Tuesday, May 19, 2009

Hands-free Interactive Image Segmentation Using Eyegaze (Sadeghi, M. et al, 2009)

Maryam Sadeghi, a Masters student at the Medical Image Analysis Lab at the Simon Fraser University in Canada presents an interesting paper on using eye tracking for gaze driven image segmentation. The research has been performed in cooperation with Geoffry Thien (Ph.D student), Dr. Hamarneh and Stella Atkins (principal investigators). More information is to be published on this page. Geoffry Thien completed his M.Sc thesis on gaze interaction in March under the title "Building Interactive Eyegaze Menus for Surgery" (abstract) unfortunately I have not been able to located a electronic copy of that document.

"This paper explores a novel approach to interactive user-guided image segmentation, using eyegaze information as an input. The method includes three steps: 1) eyegaze tracking for providing user input, such as setting object and background seed pixel selection; 2) an optimization method for image labeling that is constrained or affected by user input; and 3) linking the two previous steps via a graphical user interface for displaying the images and other controls to the user and for providing real-time visual feedback of eyegaze and seed locations, thus enabling the interactive segmentation procedure. We developed a new graphical user interface supported by an eyegaze tracking monitor to capture the user's eyegaze movement and fixations (as opposed to traditional mouse moving and clicking). The user simply looks at different parts of the screen to select which image to segment, to perform foreground and background seed placement and to set optional segmentation parameters. There is an eyegaze-controlled "zoom" feature for difficult images containing objects with narrow parts, holes or weak boundaries. The image is then segmented using the random walker image segmentation method. We performed a pilot study with 7 subjects who segmented synthetic, natural and real medical images. Our results show that getting used the new interface takes about only 5 minutes. Compared with traditional mouse-based control, the new eyegaze approach provided a 18.6% speed improvement for more than 90% of images with high object-background contrast. However, for low contrast and more difficult images it took longer to place seeds using the eyegaze-based "zoom" to relax the required eyegaze accuracy of seed placement." Download paper as pdf.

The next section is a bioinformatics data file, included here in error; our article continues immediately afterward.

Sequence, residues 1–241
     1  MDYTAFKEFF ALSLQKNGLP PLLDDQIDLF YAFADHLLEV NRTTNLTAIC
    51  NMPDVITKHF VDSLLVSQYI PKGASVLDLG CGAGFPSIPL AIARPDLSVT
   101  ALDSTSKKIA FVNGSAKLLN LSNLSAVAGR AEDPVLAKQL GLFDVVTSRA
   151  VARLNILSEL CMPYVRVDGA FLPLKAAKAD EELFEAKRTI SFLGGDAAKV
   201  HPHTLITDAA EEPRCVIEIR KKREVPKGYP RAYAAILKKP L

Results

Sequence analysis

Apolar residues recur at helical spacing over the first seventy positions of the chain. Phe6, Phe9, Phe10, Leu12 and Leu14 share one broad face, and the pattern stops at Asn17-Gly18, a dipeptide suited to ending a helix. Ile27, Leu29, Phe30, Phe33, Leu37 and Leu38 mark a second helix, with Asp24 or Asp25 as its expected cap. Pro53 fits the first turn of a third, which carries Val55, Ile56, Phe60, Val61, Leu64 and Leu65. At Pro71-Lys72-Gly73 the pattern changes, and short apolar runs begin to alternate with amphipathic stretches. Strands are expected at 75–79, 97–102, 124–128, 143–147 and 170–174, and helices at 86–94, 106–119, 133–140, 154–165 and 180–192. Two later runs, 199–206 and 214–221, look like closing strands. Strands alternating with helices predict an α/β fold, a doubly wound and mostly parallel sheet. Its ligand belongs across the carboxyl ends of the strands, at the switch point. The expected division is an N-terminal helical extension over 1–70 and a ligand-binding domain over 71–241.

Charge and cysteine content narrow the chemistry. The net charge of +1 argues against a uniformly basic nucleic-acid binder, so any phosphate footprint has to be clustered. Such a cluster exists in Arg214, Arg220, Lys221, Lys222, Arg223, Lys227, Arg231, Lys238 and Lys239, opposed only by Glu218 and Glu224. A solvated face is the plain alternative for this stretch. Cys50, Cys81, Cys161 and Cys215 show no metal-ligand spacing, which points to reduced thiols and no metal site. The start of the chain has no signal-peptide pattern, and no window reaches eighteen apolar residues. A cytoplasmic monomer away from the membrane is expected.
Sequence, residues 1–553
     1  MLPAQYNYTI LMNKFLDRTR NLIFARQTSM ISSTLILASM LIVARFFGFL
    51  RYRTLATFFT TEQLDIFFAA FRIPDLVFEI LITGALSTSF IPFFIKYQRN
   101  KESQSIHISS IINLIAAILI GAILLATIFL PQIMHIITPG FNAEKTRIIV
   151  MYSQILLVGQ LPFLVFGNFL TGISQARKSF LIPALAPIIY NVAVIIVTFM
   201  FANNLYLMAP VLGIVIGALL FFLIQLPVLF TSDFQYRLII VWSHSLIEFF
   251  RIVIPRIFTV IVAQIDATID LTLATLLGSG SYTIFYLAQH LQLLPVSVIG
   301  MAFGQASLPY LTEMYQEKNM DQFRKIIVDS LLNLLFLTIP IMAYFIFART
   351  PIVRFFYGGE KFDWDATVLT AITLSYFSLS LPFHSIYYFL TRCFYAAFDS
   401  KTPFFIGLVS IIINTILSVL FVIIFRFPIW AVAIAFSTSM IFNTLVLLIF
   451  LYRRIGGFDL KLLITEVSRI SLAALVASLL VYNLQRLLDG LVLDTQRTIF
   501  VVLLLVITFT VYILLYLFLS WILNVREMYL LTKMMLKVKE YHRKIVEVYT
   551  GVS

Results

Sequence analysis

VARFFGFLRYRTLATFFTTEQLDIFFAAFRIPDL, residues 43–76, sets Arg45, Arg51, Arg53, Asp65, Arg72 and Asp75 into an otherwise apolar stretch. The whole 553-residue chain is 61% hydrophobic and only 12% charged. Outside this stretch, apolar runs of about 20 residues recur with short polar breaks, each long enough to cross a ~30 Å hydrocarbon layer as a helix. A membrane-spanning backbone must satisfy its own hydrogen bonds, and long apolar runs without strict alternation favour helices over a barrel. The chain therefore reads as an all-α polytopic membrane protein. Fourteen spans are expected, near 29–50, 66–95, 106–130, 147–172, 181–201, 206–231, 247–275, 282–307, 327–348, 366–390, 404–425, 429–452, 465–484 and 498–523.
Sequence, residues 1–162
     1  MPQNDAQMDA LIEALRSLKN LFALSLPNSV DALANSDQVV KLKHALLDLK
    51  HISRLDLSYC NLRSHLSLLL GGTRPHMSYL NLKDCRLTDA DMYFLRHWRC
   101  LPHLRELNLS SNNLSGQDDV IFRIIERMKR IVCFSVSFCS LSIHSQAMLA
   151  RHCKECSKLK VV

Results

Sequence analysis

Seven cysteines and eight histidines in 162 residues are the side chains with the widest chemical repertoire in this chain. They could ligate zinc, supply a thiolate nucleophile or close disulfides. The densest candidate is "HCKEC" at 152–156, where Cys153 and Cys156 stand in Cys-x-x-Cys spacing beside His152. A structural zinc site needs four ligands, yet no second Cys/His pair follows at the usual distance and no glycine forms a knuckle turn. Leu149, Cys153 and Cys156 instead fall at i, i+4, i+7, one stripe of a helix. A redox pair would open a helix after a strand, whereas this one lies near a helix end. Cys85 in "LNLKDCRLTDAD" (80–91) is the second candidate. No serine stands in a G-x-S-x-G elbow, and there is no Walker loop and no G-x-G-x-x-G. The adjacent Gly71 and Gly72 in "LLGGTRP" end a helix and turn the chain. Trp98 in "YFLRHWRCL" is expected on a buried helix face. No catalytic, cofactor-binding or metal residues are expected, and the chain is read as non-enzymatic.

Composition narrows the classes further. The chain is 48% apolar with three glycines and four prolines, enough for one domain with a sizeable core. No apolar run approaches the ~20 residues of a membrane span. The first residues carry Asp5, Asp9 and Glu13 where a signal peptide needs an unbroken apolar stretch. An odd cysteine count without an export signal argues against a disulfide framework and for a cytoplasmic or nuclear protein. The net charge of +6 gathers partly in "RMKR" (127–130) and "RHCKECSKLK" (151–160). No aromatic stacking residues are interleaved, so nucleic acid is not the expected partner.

The custom interface is used to place backgound (red) and object (green) seeds which are used in the segmentation process. The custom fixation detection algorithm triggers a mouse click to the gaze position, if 20 of the previous 30 gaze samples lies within a a 50 pixel radius.

The results indicate a certain degree of feasibility for gaze assisted segmentation, however real-life situations often contain more complex images where borders of objects are less defined. This is also indicated in the results where the CT brain scan represents the difficult category. For an initial study the results are interesting and it's likely that we'll see more of gaze interaction within domain specific applications in a near future.

  • Maryam Sadeghi, Geoff Tien, Ghassan Hamarneh, and Stella Atkins. Hands-free Interactive Image Segmentation Using Eyegaze. In SPIE Medical Imaging 2009: Computer-Aided Diagnosis. Proceedings of the SPIE, Volume 7260 (pdf)

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